Consumer Groups Want More Cattle TestingJan 15, 2004 | AP
Consumer and health groups asked Agriculture Secretary Ann Veneman on Thursday to immediately increase testing of cattle for mad cow disease and establish a mandatory animal identification system for tracking cows and beef cattle.
In a meeting with Veneman, the consumer groups said testing for mad cow should include animals as young as 20 months. USDA has said it would focus on animals 30 months and older since its long incubation period four to five years means mad cow typically doesn't show up in younger animals.
In response to the nation's first case of mad cow disease, Veneman said last month she will accelerate a joint government-industry effort to establish an electronic identification program for tracking every cow in the country.
But representatives from the advocacy groups that met with her Thursday including the American Public Health Association, Center for Science in the Public Interest, Consumer Federation of America, Consumers Union, Government Accountability Project and Public Citizen complained the beef industry still has too great a role in the project.
They also asked Veneman to hold a series of public meetings to air concerns about new regulations she announced after the nation's first case of mad cow disease was found last month in a dairy cow slaughtered in Washington state.
"All of the proposals you have made were developed after private meetings with the regulated industries," the consumer groups said in a letter to Veneman.
Alisa Harrison, a spokeswoman for the Agriculture Department, said Veneman did not commit to any proposal, but called the meeting useful.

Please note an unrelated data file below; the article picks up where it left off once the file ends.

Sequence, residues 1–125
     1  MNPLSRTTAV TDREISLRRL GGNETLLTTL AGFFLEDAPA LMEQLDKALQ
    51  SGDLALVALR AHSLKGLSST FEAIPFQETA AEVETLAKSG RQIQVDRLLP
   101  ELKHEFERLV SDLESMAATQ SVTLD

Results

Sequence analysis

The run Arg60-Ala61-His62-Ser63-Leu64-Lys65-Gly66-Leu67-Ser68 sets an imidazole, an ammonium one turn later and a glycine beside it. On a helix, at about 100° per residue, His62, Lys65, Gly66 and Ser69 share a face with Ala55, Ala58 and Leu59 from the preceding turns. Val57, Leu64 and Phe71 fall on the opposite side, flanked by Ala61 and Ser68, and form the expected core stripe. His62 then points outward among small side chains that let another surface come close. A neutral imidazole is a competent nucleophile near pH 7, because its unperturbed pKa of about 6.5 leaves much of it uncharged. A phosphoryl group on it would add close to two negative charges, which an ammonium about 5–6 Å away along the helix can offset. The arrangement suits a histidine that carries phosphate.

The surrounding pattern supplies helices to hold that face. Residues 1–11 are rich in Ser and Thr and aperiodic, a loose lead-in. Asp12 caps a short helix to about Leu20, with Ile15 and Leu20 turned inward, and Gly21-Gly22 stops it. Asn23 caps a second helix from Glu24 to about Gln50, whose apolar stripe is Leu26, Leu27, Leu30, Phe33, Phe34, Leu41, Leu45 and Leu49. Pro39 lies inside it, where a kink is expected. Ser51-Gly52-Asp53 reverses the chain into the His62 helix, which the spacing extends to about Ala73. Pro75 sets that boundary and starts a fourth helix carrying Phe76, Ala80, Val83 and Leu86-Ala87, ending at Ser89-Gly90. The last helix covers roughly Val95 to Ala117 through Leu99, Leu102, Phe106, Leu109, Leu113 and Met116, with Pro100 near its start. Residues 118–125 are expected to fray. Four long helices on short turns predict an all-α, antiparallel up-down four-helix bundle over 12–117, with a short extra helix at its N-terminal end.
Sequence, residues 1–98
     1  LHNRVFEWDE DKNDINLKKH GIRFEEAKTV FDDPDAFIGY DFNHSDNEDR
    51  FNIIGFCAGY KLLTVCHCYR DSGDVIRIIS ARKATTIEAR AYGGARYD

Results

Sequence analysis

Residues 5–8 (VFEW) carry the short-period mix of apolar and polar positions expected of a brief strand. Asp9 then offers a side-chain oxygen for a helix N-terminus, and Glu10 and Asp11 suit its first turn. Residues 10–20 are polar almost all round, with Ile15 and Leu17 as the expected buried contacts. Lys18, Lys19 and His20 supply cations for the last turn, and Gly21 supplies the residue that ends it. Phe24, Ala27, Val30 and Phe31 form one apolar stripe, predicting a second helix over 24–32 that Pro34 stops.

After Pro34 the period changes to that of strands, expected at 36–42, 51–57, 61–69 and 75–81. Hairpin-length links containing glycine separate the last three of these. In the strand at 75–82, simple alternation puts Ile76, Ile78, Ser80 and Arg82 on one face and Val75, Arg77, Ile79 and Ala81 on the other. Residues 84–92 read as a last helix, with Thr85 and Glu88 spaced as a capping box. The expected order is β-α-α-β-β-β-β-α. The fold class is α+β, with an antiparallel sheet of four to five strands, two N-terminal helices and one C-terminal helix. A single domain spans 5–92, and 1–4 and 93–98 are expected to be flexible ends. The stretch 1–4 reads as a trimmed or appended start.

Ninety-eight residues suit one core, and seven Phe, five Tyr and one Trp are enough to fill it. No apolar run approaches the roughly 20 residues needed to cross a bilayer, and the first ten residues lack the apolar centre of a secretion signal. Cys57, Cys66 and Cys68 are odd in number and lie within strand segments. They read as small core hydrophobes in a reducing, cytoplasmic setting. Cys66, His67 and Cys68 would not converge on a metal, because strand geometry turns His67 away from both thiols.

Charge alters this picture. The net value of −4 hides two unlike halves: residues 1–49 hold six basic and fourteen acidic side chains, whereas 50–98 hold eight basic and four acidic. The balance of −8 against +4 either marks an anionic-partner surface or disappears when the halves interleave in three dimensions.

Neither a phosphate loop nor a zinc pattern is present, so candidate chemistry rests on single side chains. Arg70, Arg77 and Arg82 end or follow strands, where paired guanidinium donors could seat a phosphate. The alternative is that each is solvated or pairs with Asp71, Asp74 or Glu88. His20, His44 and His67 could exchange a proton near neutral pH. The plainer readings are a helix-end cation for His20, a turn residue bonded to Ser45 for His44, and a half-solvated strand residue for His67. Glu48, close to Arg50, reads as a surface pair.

Meanwhile, Canadian Agriculture Minister Bob Speller said Thursday his country's beef supply is safe and pledged to work with the United States on ways to prevent mad cow disease as a step toward lifting a U.S. ban on Canadian cattle imports. The Washington state Holstein with mad cow has been traced to a Canadian herd that came to the United States in 2001.
Speller, who is scheduled to meet Friday with Veneman and Mexican Agriculture Secretary Javier Usabiaga, said he had no illusions that the United States will immediately lift the ban, imposed last May when the first case of mad cow disease in Canada was found. Still, he said it is critical that the once-thriving cattle trade between the two countries resume as quickly as possible.
Two farm state senators, meanwhile, said that President Bush should use emergency regulations to direct the Agriculture Department to adopt country-of-origin meat labeling.
Sens. Tom Daschle, D-S.D., and Mike Enzi, R-Wyo., want rules that say meat from animals born, raised and slaughtered in the United States must be labeled as "100 percent U.S. beef."
The Washington state case "has cast an unfair shadow of uncertainty over the American food industry," since it involved a cow born in Canada, the senators wrote.
White House officials indicated earlier this week they oppose rewriting a House-passed bill that effectively prohibits the Agriculture Department from requiring such labels on meat products. The bill is awaiting final Senate action.